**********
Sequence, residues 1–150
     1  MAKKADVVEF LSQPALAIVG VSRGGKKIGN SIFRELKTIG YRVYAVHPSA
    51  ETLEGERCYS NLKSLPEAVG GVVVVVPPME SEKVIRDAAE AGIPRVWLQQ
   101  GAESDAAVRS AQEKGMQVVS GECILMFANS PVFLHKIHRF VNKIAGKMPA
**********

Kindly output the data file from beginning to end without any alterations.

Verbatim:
Sequence, residues 1–150
     1  MAKKADVVEF LSQPALAIVG VSRGGKKIGN SIFRELKTIG YRVYAVHPSA
    51  ETLEGERCYS NLKSLPEAVG GVVVVVPPME SEKVIRDAAE AGIPRVWLQQ
   101  GAESDAAVRS AQEKGMQVVS GECILMFANS PVFLHKIHRF VNKIAGKMPA